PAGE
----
I feel compelled to write this blog after the semi surprise announcement last week by the minister Carl Sargeant that the Welsh Government’s flagship talking poverty programme Communities First (CF) is to be “rethought”. At the time of writing what is actually meant by this term is far from clear and therein lies one of the problems to the community development / tackling poverty agenda in Wales. Although CF is fifteen years old, which in community regeneration project years is positively ancient, in recent years it has been beset by uncertainty as to it future and it has been a creaking gate of a programme which has not been conducive to its robustness.
During its fifteen years it has undergone various incarnations and at its most basic it moved from its original model and ethos of being a community led initiative that recognised the complexity of what community development means at a grass roots level to being, particularly in the past few years, a more traditional community focussed initiative pursuing distinct targets often under the direction of the local authority.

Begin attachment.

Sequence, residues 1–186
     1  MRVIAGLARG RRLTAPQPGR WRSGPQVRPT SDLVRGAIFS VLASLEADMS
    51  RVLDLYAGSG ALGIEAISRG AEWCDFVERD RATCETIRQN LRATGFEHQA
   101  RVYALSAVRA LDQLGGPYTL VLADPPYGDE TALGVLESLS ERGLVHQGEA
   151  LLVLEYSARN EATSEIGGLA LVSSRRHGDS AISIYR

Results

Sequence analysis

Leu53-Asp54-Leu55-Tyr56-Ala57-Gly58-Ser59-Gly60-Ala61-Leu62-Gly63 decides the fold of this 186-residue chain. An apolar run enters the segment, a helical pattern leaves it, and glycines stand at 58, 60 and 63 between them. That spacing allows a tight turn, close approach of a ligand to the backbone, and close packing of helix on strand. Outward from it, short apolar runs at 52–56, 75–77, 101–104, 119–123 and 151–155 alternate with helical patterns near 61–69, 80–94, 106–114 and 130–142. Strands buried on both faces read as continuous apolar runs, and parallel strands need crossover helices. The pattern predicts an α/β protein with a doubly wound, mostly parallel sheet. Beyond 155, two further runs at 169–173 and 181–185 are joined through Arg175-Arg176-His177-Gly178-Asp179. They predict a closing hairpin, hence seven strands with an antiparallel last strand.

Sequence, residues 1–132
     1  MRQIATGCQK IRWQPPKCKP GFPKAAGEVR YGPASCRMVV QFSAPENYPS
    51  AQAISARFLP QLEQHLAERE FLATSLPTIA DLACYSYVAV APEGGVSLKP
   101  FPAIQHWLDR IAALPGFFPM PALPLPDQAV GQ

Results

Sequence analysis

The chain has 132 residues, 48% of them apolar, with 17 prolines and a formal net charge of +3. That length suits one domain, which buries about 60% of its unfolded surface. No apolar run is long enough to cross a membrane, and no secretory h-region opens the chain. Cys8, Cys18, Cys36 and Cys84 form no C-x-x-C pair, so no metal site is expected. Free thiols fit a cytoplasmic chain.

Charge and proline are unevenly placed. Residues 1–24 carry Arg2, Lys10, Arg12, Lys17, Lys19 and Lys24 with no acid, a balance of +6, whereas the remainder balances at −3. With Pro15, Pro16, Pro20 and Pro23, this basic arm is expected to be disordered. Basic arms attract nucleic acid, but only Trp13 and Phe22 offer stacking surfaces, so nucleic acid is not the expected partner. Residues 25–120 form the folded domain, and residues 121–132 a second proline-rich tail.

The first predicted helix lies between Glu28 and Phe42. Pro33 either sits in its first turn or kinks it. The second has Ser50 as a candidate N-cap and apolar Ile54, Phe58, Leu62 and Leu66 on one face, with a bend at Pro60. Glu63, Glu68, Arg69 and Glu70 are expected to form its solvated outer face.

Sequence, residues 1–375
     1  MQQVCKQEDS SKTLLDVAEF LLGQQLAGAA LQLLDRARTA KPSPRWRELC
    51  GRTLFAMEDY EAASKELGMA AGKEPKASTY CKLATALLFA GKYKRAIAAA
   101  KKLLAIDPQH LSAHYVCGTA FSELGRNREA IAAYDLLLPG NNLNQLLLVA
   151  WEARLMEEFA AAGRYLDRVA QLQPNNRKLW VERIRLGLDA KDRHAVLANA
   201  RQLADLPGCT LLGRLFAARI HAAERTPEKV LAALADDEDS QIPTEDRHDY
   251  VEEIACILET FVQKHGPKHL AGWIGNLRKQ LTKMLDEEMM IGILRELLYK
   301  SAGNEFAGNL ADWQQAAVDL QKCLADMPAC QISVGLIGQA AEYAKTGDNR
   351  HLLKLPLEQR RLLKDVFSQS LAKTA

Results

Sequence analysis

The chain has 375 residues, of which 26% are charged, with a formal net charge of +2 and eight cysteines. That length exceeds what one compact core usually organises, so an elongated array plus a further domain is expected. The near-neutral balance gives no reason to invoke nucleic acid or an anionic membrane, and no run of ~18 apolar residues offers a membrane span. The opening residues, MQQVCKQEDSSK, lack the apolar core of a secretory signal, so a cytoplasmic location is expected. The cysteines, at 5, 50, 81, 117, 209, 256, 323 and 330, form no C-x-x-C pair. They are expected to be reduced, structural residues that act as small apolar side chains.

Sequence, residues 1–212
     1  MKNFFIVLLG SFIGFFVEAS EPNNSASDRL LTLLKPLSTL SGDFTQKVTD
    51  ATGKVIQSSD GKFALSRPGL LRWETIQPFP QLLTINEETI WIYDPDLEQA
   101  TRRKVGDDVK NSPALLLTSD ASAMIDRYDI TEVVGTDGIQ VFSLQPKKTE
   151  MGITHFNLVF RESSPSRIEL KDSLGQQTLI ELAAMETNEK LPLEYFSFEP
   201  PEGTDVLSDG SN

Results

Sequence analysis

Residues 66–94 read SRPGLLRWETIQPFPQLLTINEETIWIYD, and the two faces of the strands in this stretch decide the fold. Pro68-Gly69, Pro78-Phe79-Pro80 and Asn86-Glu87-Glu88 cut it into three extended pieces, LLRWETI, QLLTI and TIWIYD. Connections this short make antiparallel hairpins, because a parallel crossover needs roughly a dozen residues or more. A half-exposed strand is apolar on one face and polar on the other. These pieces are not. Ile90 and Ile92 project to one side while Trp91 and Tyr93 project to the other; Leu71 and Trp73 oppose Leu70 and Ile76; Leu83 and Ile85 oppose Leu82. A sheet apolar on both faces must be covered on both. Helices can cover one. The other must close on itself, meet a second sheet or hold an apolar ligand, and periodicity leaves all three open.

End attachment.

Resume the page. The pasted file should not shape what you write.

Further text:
As someone who has been involved in CF in some shape or form since its inception I am of the opinion that not all these developments in the last few years of the initiative have been for the best. The innovative approach of Communities First when it was first formulated is that it recognised that often it is the people who live in poor communities who have a unique insight into formulation solutions to the problems they face. As CF “evolved” however it increasingly moved from this innovative approach to one more dominated by local authorities and a traditional model dominated and led by professionals. That said considering this change of focus CF has continued to deliver, at times, innovative and effective initiatives and projects that really made a difference to people’s lives in some of our poorest communities.
Particularly of late staff have had to work with a high degree of uncertainty in relation to the future and form of the CF programme. In the past year all staff have been on a one year contract due to come to an end on the 31st march 2017. This uncertainty is something that has dogged the programme since its inception. CF workers have become used to uncertainty as to the future of their contracts and last minute announcements as to the future and changes in the programme. All these factors have not been conducive to the programme achieving its full potential.
Communities First has also had to endure being a favourite political football for the Welsh political class. The programme has always been a flagship project of Labour and as such and due to the budget directed toward it it has always been a prime focus of criticism from the Conservatives and to a lesser extent Plaid Cymru. Interestingly though although CF has been a focus for this criticism from the opposing political parties they have neither offered or suggested any real innovative alternatives.